MILLBURN, N.J. — If good tunes were all you needed for a good musical, there would be many more outstanding jukebox shows by now. Exhibit umpteenth of how tough it is to master the genre is the limp “My Very Own British Invasion” at the Paper Mill Playhouse.
As its title suggests, this world premiere production superimposes a biographical angle (think “Beautiful”) onto a snapshot of a hip and happening period (think “Motown” for a far worse example).
In this case we are in mid-1960s London, where a milquetoast teenager named Peter Noone (the appropriately affable, sweet-voiced Jonny Amies) is conquering the charts with his band, Herman’s Hermits. Following the path forged by the Beatles, Peter eventually sets his sights on America.
Back-to-back earworms popular on both sides of the Atlantic make up the show’s set list, from the Fab Four’s “I Saw Her Standing There” to Dusty Springfield’s “I Only Want to Be With You,” the Animals’ “Don’t Let Me Be Misunderstood” and, of course, Herman’s Hermits’ own “Mrs. Brown, You’ve Got a Lovely Daughter” and “Can’t You Hear My Heartbeat.”
Yet in the story — cooked up by Mr. Noone, who is credited with the show’s concept, and book writer Rick Elice — Peter doesn’t go marauding in the former British colony out of ambition. No, it’s love that drives him — for Pamela (Erika Olson), a fetching blonde songbird who heads out on a tour of the United States.
Unfortunately for the clean-cut Peter, so earnest in his shiny suit and bowl haircut, Pamela has other interests: a debauched rocker named Trip (Conor Ryan, from the Off Broadway hit “Desperate Measures”) and the illicit substances she discovers in New Orleans.
Indeed, the show’s most potentially interesting, and completely unexplored, love triangle is the one involving Pamela, heroin and Trip — a hybrid of Mick Jagger and Robert Plant whose flowing locks and unbuttoned shirts somehow generate less sexual energy than Paul Hollywood’s silver goatee and icy blue eyes on “The Great British Baking Show.” (Meekly rhapsodizing about “heavy metal thunder” in “Born to Be Wild” — a mostly Canadian song, shoehorned in — doesn’t help.)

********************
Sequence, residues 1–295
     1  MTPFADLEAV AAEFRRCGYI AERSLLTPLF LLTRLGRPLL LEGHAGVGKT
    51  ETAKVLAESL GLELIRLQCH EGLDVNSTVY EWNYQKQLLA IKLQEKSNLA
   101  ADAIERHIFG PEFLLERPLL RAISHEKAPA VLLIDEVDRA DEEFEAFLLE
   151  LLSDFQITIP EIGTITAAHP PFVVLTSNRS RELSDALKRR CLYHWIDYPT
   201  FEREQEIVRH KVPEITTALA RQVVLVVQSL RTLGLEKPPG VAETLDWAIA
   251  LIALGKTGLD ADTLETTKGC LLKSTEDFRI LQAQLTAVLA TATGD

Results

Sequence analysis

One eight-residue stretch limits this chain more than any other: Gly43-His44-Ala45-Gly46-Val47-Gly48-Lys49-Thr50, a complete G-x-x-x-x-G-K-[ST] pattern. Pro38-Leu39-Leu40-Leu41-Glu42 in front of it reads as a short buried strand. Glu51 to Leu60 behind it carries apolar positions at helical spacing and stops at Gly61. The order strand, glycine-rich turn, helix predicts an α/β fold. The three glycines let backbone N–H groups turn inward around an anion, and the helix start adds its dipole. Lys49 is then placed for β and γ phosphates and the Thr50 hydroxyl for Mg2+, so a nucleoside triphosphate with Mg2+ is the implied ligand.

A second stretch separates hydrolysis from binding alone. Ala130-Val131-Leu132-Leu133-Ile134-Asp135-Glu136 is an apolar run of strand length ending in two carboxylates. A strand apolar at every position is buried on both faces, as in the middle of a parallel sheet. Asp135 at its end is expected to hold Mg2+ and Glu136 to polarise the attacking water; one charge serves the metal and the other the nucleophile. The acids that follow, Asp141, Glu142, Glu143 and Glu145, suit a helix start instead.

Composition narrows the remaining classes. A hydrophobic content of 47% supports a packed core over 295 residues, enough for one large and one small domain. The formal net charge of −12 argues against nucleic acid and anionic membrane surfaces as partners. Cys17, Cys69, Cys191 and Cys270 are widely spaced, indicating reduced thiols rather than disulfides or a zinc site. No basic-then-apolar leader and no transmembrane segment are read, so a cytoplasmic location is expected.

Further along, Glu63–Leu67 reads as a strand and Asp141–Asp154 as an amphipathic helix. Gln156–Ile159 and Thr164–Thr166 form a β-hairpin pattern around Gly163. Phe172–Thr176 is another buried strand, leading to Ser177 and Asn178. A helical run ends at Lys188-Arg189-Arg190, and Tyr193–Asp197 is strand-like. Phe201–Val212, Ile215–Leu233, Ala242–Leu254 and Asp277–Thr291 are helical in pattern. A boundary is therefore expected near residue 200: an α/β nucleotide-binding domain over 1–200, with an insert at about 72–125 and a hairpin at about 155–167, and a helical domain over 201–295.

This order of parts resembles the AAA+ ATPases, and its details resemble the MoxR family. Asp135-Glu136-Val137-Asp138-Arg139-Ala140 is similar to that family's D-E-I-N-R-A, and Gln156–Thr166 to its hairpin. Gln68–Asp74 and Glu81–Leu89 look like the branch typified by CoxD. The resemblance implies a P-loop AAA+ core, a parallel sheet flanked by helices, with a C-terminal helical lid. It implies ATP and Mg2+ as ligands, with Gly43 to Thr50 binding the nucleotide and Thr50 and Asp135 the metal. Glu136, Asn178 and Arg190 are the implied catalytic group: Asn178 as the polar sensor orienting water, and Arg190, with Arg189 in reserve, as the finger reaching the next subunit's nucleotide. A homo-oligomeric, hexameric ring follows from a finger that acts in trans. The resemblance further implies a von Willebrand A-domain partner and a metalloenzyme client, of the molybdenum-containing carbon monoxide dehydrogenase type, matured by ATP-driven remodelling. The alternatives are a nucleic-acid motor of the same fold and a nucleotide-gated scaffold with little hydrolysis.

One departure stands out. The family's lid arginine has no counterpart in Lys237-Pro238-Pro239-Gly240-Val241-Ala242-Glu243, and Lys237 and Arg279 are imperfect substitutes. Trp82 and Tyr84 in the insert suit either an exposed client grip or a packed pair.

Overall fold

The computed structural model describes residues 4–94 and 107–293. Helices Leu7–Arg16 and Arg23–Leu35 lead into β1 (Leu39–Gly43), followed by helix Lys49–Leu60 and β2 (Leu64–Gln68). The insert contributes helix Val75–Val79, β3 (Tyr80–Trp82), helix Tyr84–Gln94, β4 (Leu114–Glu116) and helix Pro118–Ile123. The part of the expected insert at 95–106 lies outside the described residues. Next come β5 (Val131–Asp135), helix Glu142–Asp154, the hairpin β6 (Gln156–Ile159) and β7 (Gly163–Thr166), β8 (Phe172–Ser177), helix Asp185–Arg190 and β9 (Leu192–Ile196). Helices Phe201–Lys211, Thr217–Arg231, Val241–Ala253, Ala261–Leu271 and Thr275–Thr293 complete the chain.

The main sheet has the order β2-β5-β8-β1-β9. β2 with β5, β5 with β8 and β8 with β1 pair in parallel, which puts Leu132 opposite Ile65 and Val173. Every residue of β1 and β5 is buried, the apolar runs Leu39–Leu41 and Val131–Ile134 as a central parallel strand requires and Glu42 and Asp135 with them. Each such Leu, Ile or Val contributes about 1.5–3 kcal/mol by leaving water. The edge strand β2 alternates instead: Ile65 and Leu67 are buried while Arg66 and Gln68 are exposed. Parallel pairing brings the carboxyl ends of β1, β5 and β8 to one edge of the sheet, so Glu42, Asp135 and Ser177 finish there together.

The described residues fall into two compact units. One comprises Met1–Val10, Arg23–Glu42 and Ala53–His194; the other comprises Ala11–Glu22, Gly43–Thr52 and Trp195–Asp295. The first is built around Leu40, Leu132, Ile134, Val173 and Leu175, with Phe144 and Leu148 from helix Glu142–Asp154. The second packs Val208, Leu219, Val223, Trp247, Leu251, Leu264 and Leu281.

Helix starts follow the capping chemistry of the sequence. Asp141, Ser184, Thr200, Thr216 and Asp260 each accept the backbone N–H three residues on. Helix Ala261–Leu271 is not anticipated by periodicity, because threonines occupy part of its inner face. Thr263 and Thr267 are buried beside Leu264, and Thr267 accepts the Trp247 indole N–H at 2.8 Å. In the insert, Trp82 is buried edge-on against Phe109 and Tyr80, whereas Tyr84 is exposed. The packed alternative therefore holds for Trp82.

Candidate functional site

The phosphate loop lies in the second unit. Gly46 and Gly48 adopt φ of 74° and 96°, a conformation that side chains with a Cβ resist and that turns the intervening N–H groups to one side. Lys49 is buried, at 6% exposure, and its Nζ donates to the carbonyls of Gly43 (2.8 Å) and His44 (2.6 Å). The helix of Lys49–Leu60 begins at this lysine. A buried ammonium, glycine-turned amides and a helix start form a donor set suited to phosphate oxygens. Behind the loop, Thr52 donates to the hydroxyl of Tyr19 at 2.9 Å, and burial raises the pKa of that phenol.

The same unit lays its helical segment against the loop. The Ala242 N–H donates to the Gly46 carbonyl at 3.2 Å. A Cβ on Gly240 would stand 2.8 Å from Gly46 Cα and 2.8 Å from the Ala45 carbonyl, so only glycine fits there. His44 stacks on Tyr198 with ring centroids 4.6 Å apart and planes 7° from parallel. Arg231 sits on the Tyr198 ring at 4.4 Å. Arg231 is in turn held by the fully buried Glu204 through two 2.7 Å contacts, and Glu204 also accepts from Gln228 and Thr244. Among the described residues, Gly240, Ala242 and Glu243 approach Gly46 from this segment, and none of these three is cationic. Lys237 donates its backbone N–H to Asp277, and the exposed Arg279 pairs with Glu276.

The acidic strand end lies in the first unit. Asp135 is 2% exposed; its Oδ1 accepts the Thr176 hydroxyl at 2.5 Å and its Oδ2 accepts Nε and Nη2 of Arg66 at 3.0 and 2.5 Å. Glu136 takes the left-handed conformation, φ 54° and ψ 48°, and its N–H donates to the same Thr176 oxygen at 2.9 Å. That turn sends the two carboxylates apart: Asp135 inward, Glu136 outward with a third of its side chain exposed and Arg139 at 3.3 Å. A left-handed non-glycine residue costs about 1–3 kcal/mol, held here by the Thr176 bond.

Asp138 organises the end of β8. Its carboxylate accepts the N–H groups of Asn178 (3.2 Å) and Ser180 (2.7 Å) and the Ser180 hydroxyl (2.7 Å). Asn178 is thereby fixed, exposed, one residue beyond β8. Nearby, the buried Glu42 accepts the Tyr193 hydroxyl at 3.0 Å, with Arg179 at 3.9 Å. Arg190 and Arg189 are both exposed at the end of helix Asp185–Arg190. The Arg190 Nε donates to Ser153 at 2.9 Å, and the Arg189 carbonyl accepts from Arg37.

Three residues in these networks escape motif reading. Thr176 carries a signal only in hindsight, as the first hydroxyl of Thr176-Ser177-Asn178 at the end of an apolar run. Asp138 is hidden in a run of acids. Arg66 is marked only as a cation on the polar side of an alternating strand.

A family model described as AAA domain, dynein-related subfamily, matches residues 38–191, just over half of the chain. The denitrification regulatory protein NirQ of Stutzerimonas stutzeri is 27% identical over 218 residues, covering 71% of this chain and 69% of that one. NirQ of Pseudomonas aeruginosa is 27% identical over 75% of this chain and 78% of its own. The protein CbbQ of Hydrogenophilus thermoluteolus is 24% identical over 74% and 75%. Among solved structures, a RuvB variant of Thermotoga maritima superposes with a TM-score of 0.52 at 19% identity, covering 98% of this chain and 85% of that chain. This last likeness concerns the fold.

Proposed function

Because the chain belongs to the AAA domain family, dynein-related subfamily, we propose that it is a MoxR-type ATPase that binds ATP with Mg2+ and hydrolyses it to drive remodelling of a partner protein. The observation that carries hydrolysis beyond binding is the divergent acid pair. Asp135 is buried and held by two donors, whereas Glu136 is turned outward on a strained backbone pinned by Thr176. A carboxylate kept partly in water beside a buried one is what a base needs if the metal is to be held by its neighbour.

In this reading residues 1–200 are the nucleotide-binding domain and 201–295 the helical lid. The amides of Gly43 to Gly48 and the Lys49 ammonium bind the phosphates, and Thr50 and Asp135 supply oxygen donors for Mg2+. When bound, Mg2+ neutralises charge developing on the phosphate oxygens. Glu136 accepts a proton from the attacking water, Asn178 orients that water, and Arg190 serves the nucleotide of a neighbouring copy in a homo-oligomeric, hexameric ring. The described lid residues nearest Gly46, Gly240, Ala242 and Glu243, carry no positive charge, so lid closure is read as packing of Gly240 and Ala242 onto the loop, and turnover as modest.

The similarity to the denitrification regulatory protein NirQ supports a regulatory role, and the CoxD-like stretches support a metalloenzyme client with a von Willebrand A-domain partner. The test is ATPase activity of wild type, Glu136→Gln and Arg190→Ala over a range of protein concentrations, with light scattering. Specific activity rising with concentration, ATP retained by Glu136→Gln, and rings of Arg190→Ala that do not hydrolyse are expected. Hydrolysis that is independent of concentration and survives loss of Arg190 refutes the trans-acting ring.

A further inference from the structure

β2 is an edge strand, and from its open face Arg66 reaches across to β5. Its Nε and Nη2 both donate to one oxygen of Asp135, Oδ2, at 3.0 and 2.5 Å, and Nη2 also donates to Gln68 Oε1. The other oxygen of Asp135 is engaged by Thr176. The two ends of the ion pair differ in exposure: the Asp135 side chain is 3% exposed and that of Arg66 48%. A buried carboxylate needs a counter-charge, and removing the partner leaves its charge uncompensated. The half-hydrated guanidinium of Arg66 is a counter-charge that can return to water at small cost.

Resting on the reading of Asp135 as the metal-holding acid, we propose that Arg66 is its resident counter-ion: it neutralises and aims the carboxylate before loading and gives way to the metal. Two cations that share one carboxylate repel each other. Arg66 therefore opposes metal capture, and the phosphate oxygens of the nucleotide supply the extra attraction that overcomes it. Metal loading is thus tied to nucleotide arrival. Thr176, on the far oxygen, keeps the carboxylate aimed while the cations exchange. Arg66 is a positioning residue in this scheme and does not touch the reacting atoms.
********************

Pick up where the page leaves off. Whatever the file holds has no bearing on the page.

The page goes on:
Most of the action takes place at the London club the Bag O’Nails, inspired by a real joint where up-and-comers rubbed elbows with established stars. (David Rockwell did the handsome bi-level set.) Fronting the house band is an American expat, Geno (Kyle Taylor Parker), who acts as narrator and breathes life into the production every time he opens his mouth — an Otis Redding-esque rendition of “Go Now,” popularized by the Moody Blues, ends too quickly.
Mr. Parker also turns up in the show’s highlight, a smoky duet with Ms. Olson on “House of the Rising Sun” that is atmospherically staged by the director Jerry Mitchell and suggests pop’s darker underside in a few fleeting minutes.
How Geno found himself in New Orleans so he could conveniently sing with the strung-out Pamela is left unexplained. Mr. Elice, who has penned two of the smarter jukebox musicals in “Jersey Boys” and “The Cher Show,” seems to have misplaced his customary craftsmanship. Even his jokes land flat, most painfully those associated with Fallon (John Sanders), the talent manager whose fondness for cutesy acronyms (Trip and Pamela are said to be LAME — “Lustful And Mercilessly Entertaining”) serves as a lone character trait.
Mr. Mitchell’s direction and choreography are similarly stuck at half-speed. The sleepiness of it all is surprising since he had whipped up such frothy energy in the Gloria Estefan tuner “On Your Feet!” — another well-made jukebox show — and in Cyndi Lauper’s “Kinky Boots.”
“My Very Own British Invasion” eventually finds Pamela swerving back to Trip and ending up in leather shorts. “I’m a bad girl; I always will be,” she tells the befuddled Peter — a move as convincing as Sandy going wild at the end of “Grease.”
But their affair has served its purpose: He moves on, wiser about love and life. The audience, however, is left wondering what ever happened to Geno.
My Very Own British Invasion
Through March 3 at Paper Mill Playhouse, Millburn, N.J.; 973-376-4343, papermill.org. Running time: 2 hours 15 minutes.
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